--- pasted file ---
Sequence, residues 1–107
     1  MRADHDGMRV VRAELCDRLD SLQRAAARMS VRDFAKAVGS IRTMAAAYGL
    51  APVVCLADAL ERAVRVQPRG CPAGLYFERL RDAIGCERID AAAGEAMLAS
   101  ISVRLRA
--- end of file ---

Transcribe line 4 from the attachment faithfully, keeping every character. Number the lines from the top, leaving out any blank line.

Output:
   101  ISVRLRA